Concepts: Health, Evaluation, Policy, Communication, Lecture, Teaching, Public lecture, Lecture series

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BackgroundAlthough it is often criticised, the lecture remains a fundamental part of medical training because it is an economical and efficient method for teaching both factual and experimental knowledge. However, if administered incorrectly, it can be boring and useless.Feedback from peers is increasingly recognized as an effective method of encouraging self-reflection and continuing professional development. The aim of this observational study is to analyse the impact of written peer feedback on the performance of lecturers in an emergency medicine lecture series for undergraduate students.MethodsIn this prospective study, 13 lecturers in 15 lectures on emergency medicine for undergraduate medical students were videotaped and analysed by trained peer reviewers using a 21-item assessment instrument. The lecturers received their written feedback prior to the beginning of the next years¿ lecture series and were assessed in the same way.ResultsIn this study, we demonstrated a significant improvement in the lecturers¿ scores in the categories `content and organisation¿ and `visualisation¿ in response to written feedback. The highest and most significant improvements after written peer feedback were detected in the items `provides a brief outline¿, `provides a conclusion for the talk¿ and `clearly states goal of the talk¿.ConclusionThis study demonstrates the significant impact of a single standardized written peer feedback on a lecturer¿s performance.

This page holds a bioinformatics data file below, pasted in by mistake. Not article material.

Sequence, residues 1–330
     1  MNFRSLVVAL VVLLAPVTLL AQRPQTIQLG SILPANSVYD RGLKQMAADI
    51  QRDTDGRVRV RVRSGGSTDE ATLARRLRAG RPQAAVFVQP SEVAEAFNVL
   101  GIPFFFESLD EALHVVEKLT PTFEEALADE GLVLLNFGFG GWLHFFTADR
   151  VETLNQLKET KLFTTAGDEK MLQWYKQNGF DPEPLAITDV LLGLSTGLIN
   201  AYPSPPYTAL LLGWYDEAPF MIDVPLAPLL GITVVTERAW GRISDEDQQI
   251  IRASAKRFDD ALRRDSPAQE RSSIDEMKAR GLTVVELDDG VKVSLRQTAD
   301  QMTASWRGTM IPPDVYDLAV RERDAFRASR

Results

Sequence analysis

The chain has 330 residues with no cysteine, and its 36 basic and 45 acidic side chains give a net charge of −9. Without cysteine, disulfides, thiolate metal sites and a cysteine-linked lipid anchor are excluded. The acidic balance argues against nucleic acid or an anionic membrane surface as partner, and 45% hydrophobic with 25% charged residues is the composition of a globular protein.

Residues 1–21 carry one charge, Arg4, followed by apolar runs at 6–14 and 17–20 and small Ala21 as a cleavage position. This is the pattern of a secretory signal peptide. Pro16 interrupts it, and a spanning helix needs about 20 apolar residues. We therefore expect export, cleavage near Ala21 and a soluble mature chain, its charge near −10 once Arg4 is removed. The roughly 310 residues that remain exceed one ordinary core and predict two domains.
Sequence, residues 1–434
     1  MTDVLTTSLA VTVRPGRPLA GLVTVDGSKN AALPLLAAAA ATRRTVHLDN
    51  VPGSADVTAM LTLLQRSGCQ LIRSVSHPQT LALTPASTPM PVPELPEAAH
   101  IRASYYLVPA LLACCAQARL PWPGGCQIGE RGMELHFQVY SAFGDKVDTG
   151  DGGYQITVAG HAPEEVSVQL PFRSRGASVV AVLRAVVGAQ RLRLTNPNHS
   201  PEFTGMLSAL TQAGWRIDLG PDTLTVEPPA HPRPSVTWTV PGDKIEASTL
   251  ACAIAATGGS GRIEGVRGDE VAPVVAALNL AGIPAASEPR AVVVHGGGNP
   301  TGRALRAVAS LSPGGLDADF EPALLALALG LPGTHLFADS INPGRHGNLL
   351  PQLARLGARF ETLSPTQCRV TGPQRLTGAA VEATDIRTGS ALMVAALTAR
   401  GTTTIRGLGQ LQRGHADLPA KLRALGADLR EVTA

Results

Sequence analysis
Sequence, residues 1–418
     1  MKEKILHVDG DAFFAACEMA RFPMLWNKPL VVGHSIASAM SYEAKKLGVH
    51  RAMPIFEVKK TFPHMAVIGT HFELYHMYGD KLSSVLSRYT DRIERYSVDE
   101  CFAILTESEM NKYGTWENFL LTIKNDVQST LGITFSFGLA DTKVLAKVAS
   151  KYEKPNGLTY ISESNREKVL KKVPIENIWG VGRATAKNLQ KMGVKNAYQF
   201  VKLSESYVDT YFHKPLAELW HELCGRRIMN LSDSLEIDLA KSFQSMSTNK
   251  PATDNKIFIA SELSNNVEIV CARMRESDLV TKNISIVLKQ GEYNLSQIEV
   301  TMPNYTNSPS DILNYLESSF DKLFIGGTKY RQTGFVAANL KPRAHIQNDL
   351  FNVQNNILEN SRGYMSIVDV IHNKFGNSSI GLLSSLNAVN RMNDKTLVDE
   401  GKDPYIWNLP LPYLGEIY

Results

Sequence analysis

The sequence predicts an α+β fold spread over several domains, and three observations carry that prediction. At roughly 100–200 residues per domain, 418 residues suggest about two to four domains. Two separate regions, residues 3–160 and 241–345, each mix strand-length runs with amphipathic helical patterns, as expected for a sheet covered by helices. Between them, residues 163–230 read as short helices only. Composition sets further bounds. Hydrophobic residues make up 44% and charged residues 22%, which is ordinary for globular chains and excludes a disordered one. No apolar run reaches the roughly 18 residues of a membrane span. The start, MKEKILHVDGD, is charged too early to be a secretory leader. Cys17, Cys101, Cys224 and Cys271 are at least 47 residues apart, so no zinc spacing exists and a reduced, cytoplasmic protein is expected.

Concepts: Scientific method, Medicine, Improve, Observational study, Demonstration, Lecture, Teaching, Public lecture

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Two years ago, I was invited to visit Kashmir and Pakistan to organise workshops and study sessions in nursing colleges and hospitals. Word spread fast and I ended up with a five-city lecture tour of Pakistan, lasting six weeks.

Concepts: English-language films, Lecture, Pakistan, Public lecture

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OBJECTIVE The chronic workforce shortage in child and adolescent psychiatry (CAP) remains a germane issue that has been difficult to deal with effectively. Collaboration between medical schools without sufficient CAP resources and those with enough to share may help improve interest in the field. METHOD This lecture series piloted a collaborative effort between CAP residents from a Midwest academic center and student-led interest groups from two osteopathic medical schools. CAP residents led nine interactive lectures with medical students on relevant topics, using video-teleconferencing. Baseline and follow-up surveys were used to assess attitudes and responses to the lecture series. RESULTS A group of 175 students completed the baseline survey; 43 students completed the follow-up survey; 21 of 43 (48%) reported that the lectures would positively influence their career choice toward CAP. CONCLUSION Interactive lectures via video teleconferencing demonstrated potential to improve medical students' exposure to CAP, and they were well received in this initial pilot study.

Concepts: Medicine, Educational psychology, Academia, Medical school, Psychiatry, Collaboration, Lecture, Public lecture